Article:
Last year was a turning point for cryptocurrencies. It turned blockchain from being a space for geeks into one where governments, institutions and retail traders now had a seat at the table. The 2021 GameStop story also played a major role in a change of perception.
Most interestingly, as Alex Shipp explains in an article for Cointelegraph, “cryptography and its primary feature, privacy, have been relegated from the front-and-center role they once played as cryptocurrency’s main attractions.” This has been replaced by the enticements of DeFi apps that offer “enhanced liquidity, yield farming and unprecedented economic models.”
Will 2021 be DeFi’s big year?
DeFI has become the Shangri-La of cryptocurrency it seems. Its allure is pervasive across the cryptocurrency landscape, with investors enchanted by its “double-digit APRs and seamless user experience,” which holds better long-term prospects for them than the “subtle, systemic benefits conferred by a privacy-centric exchange.”
Privacy is no longer the primary reason for entering the crypto space. Moreover, as the perceived benefits of DeFi grow, consumers are more than happy to make trade-offs to keep it growing. They really don’t want to forfeit these for the sake of privacy.
DeFi is the current Disruptor-in-chief within an already disruptive community. Now we can expect another to emerge – PriFi, or Private Finance. This, says Shipp, “brings privacy back on-stage by bringing it back on-chain — that is, into the Ethereum and Polkadot ecosystems — to integrate privacy into a robust network of rapidly evolving applications of decentralized finance.”
It’s significant because until now, “privacy solutions have remained siloed on standalone, privacy-oriented blockchains, isolated from the ever-expanding features of the DeFi landscape.” This ‘movement’ wants users to be able to have access to privacy without any trade-offs. Shipp says it could not have come at a more critical moment. Why?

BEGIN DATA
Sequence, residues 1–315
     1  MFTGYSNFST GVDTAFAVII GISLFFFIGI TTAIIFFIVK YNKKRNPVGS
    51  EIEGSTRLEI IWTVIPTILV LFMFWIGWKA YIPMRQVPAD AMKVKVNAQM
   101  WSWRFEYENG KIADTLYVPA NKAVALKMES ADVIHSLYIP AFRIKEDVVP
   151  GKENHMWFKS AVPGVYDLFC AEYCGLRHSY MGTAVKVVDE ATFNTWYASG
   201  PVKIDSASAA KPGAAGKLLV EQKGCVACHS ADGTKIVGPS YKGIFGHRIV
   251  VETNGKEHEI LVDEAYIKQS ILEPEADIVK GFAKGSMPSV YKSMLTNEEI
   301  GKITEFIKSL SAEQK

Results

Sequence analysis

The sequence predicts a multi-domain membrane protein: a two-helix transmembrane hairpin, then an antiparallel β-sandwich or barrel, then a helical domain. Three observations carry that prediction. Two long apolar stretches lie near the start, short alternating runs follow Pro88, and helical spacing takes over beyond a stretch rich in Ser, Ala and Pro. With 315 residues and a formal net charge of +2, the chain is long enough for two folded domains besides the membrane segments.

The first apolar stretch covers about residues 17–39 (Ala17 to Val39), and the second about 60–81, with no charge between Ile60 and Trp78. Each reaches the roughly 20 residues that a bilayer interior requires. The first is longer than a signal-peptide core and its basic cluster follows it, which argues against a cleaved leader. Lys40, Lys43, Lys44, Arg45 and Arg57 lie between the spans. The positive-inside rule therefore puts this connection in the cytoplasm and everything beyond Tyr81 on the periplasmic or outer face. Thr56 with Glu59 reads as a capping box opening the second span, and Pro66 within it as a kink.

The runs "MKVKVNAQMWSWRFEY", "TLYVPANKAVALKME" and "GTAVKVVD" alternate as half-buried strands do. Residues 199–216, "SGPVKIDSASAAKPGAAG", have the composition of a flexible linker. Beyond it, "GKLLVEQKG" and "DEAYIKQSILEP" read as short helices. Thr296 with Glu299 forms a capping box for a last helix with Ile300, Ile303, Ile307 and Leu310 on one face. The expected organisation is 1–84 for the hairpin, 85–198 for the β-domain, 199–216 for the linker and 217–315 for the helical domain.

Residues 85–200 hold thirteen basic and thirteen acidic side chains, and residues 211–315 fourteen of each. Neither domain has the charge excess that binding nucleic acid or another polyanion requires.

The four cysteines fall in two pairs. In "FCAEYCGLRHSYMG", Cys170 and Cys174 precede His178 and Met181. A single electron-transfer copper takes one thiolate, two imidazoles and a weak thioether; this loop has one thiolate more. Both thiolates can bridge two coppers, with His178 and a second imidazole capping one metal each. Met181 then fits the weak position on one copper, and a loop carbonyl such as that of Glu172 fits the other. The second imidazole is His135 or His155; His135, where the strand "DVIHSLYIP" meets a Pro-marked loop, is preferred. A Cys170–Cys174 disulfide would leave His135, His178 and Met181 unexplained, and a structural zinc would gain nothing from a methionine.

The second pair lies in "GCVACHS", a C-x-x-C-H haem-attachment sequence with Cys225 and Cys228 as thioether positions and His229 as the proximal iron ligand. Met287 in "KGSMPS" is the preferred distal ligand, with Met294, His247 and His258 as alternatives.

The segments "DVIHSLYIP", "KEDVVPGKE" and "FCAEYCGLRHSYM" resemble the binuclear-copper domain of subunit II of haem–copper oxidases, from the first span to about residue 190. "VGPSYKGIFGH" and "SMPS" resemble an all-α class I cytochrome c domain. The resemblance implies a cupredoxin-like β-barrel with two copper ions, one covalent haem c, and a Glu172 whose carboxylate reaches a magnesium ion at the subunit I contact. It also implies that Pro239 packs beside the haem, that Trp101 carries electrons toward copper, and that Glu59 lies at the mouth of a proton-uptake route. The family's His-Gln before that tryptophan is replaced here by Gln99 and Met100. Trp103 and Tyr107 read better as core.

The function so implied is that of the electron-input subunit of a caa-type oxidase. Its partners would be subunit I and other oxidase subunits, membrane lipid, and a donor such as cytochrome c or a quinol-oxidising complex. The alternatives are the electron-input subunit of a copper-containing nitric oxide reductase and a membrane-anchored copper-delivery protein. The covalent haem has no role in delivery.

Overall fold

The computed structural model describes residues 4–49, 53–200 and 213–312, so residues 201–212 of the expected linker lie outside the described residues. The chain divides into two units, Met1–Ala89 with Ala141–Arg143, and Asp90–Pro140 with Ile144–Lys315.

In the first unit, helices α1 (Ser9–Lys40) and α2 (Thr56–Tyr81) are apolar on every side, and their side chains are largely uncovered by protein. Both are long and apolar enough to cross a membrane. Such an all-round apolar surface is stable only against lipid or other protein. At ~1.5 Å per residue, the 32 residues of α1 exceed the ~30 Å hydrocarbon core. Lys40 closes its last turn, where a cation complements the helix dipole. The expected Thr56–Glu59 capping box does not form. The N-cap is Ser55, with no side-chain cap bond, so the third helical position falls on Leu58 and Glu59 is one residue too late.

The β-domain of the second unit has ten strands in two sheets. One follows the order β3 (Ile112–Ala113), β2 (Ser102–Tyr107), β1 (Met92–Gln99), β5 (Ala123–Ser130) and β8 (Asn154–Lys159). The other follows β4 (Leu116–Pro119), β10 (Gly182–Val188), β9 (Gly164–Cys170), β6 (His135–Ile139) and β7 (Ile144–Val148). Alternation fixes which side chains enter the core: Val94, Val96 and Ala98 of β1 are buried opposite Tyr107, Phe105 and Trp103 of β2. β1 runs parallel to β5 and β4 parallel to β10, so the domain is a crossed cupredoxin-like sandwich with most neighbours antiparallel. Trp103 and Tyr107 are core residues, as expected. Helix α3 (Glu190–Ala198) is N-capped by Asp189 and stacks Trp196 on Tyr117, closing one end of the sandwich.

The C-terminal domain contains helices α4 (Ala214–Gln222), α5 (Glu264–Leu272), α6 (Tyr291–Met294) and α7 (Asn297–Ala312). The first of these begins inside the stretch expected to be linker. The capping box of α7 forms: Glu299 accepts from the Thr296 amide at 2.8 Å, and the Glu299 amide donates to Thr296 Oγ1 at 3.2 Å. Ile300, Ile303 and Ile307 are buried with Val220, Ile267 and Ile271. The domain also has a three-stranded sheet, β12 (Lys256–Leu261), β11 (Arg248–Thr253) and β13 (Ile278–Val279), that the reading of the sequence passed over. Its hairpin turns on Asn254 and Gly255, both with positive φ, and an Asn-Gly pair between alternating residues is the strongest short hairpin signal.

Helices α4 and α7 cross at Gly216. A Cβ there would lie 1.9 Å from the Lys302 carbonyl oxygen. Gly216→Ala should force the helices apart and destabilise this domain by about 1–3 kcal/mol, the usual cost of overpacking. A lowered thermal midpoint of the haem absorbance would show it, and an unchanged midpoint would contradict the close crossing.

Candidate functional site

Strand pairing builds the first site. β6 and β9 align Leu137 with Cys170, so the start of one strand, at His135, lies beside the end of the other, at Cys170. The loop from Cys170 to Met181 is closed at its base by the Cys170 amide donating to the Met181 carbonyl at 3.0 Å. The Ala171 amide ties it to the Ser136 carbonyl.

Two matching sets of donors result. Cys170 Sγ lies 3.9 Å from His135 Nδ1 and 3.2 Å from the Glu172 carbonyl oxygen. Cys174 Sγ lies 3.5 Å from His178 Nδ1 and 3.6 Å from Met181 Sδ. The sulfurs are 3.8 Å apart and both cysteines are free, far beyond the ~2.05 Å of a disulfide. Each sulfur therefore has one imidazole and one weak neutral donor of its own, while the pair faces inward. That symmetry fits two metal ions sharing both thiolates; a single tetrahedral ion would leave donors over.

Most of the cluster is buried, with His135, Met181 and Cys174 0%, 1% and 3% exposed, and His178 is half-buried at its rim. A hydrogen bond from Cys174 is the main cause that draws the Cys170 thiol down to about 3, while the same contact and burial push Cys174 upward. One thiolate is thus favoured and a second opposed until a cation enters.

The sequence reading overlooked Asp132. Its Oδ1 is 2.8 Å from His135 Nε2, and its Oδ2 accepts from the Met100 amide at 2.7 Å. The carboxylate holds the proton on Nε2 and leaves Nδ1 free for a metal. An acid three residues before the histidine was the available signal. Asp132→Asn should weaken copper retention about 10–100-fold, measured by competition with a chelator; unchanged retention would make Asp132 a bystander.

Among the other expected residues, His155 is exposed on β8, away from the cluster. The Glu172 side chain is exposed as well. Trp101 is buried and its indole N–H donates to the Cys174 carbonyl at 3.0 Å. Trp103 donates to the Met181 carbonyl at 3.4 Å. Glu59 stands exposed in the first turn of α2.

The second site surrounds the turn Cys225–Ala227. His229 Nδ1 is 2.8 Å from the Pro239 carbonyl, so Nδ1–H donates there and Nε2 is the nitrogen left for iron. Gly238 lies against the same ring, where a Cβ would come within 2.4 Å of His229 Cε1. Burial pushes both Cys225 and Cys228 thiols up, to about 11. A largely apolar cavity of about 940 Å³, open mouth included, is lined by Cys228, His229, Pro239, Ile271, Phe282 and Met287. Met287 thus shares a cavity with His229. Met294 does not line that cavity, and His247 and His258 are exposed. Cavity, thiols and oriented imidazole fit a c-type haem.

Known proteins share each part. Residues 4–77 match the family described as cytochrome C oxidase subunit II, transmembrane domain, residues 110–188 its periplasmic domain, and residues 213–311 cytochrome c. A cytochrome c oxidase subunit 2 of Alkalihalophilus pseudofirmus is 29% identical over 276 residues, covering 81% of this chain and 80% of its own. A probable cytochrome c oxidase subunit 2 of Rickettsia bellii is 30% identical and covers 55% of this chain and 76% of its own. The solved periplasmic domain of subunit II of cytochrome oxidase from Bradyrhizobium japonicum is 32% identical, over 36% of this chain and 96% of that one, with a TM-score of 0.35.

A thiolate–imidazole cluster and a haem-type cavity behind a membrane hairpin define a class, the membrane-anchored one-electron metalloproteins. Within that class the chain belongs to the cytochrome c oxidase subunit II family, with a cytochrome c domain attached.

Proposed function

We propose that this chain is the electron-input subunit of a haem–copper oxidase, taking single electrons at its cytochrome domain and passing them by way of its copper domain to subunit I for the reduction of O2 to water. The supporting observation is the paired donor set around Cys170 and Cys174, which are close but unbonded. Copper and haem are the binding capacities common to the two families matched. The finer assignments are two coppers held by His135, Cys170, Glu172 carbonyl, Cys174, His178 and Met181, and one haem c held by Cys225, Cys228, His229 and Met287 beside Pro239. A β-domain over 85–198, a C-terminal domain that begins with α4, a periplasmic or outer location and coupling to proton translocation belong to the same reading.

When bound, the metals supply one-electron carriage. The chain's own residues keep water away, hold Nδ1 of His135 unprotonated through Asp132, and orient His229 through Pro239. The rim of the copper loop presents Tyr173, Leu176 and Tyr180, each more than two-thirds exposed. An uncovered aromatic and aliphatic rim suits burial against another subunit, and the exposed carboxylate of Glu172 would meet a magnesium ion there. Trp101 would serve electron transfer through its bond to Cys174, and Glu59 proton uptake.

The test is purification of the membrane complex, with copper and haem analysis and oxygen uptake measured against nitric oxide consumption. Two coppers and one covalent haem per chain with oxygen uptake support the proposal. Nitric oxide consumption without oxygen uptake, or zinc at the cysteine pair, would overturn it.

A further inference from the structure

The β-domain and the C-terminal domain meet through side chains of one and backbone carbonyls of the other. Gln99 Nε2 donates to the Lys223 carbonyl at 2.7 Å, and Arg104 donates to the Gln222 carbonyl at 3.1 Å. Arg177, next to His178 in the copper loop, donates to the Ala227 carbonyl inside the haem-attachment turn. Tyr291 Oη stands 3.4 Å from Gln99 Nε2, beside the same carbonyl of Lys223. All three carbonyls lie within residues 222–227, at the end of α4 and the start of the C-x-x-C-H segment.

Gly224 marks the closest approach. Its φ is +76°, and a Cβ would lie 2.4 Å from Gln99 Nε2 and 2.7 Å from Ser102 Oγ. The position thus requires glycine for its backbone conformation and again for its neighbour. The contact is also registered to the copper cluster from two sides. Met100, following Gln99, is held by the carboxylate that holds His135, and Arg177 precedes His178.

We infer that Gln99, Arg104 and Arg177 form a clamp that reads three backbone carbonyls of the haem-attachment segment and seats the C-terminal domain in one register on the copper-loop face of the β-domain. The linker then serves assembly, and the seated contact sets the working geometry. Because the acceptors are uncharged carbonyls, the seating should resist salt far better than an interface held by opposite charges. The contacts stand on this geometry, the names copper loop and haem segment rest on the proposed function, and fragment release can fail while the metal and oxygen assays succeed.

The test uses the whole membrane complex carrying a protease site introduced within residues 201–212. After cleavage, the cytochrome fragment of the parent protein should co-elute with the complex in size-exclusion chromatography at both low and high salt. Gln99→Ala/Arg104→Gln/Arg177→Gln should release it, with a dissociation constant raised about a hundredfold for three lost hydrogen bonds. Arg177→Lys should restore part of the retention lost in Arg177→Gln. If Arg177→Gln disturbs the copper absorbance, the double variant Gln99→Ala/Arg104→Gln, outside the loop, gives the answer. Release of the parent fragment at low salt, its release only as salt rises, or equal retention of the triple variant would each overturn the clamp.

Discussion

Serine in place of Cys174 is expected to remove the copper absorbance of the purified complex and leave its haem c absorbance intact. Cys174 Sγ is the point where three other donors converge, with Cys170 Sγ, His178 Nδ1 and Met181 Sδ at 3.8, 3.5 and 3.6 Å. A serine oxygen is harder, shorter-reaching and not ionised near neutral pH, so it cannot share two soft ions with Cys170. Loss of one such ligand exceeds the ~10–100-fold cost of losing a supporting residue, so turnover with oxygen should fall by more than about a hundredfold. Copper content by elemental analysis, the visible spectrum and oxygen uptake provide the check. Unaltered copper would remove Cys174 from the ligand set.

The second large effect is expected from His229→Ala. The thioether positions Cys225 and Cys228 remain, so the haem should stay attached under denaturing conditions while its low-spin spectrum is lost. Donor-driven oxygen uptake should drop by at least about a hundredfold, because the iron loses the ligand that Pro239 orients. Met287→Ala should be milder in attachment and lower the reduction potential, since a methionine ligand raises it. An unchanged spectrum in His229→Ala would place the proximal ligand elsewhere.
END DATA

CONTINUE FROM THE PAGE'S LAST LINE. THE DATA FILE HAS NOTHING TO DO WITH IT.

The answer is GameStop. I won’t reprise the story, because I’m sure you know it. However, one critical factor is that after the hedge funds got caught over-leveraged in short positions, centralized companies, such as Robinhood, Charles Schwab, TD Ameritrade and others, restricted trading “thereby protecting the remaining capital of the exposed funds.”
This caused outrage amongst the retail investors, because these companies had essential hung them out to dry. What they learnt was, as Shipp says, “For retailers in 2021, that has meant awakening to a pair of sobering realizations: that centralized markets only remain free as long as they serve centralized powers and that surveillance is a primary supporting feature employed by such power structures.”
The trading restrictions placed on the retail traders highlighted the need for “a new line of emergent derivatives: fully private, on-chain synthetic assets whose values are securely pegged to traditional financial instruments — stocks, commodities, bonds, insurance products and more.”
The crypto space is opening up in ways the first enthusiasts probably never dreamt of, and while it may not suit purists, it is driven by the demands of the market. You could say everything has changed, and nothing has changed – depending on your perception.